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What Is GAAP? A Guide to Generally Accepted Accounting Principles

Updated Jul 31, 2023

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If you run a small business, you may not know much about the Generally Accepted Accounting Principles (GAAP). After all, GAAP standards apply to publicly traded companies, so these rules don’t always feel relevant to your small business.

However, it’s a good idea to have a basic understanding of GAAP standards. This information will help you improve your accounting skills, understand accounting principles, and pinpoint how your business should track and measure its financial information. 

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What are Generally Accepted Accounting Principles (GAAP)?

Generally Accepted Accounting Principles are a set of rules and standards used for financial reporting in the United States. GAAP standards were developed by the Financial Accounting Standards Board (FASB) and the Governmental Accounting Standards Board. These standards apply to corporate, government and nonprofit accounting

The U.S. Securities and Exchange Commission (SEC) requires all publicly traded companies to adhere to GAAP standards. When each company reports and maintains its financial records the same way, it’s easier for investors to compare companies to make investment decisions. 

GAAP requires companies adhere to these four standards:

  • Recognition: Financial statements should accurately reflect your company’s assets, liabilities, revenue and expenses.  
  • Measurement: Financial statements should measure your organization’s financial results in accordance with GAAP standards. 
  • Presentation: For each reporting period, your business will present an income statement, balance sheet, cash flow statement and statement of shareholder’s equity.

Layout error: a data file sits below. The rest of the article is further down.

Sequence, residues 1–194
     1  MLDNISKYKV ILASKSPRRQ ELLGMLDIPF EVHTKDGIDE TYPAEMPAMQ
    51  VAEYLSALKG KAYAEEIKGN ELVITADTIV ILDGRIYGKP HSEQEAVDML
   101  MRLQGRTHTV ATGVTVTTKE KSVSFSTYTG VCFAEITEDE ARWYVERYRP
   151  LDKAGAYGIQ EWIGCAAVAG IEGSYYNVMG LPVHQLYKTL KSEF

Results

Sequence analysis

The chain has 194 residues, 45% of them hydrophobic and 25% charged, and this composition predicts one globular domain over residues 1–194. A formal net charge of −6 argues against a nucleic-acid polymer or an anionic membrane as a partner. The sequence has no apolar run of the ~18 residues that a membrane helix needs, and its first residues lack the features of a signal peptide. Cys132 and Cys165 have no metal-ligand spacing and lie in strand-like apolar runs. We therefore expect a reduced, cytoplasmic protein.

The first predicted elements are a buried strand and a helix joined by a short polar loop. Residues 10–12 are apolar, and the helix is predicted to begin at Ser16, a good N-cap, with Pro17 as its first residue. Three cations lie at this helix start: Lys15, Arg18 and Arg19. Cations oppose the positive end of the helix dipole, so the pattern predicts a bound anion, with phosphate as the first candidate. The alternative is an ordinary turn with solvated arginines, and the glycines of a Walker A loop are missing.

• Disclosure: All financial statements will include any notes necessary to help users interpret the information. 
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GAAP ensures accurate financial reporting and helps investors make more informed investment choices. In addition, these factors can help improve consumer confidence in the financial markets.

What are the 10 principles of GAAP?

These 10 principles can help you understand the purpose of GAAP. 

  1. Principle of regularity: Your accountant has followed all GAAP rules and regulations.
  2. Principle of consistency: Accountants commit to using the same standards from one period to the next. This consistency makes it easier to avoid errors and ensure financial comparability. If your accountant needs to make a change, they will disclose why in the footnotes. 
  3. Principle of sincerity: Your accountant will provide an impartial and accurate view of your company’s financial situation. 
  4. Principle of permanence of methods: There should always be a focus on consistency in the methods used during the accounting process.
  5. Principle of non-compensation: Your accountant will report all financial information transparently – outlining both the positives and negatives. This is done without the expectation of debt compensation. 
  6. Principle of prudence: All financial data is reported as it currently is, without any speculation.
  7. Principle of continuity: This principle takes the assumption that your business will continue to operate in the future.  
  8. Principle of periodicity: All accounting entries are reported during the appropriate time periods. For example, both revenue and expenses will be reported during the correct periods. 
  9. Principle of materiality: Your accountant will accurately disclose all accounting information in the financial reports. 
  10. Principle of utmost good faith: This principle states that all parties will remain honest in their transactions. 
FYIDid you know

GAAP standards assume an accountant is in place to ensure accurate financial reporting. If you need to hire the right accountant for your business, it’s best to find someone experienced who can explain accounting concepts clearly.

What are the basic principles of accounting?

If you aren’t a publicly traded company, it may not be necessary for you to follow GAAP standards. But all businesses should be familiar with these five basic principles of accounting.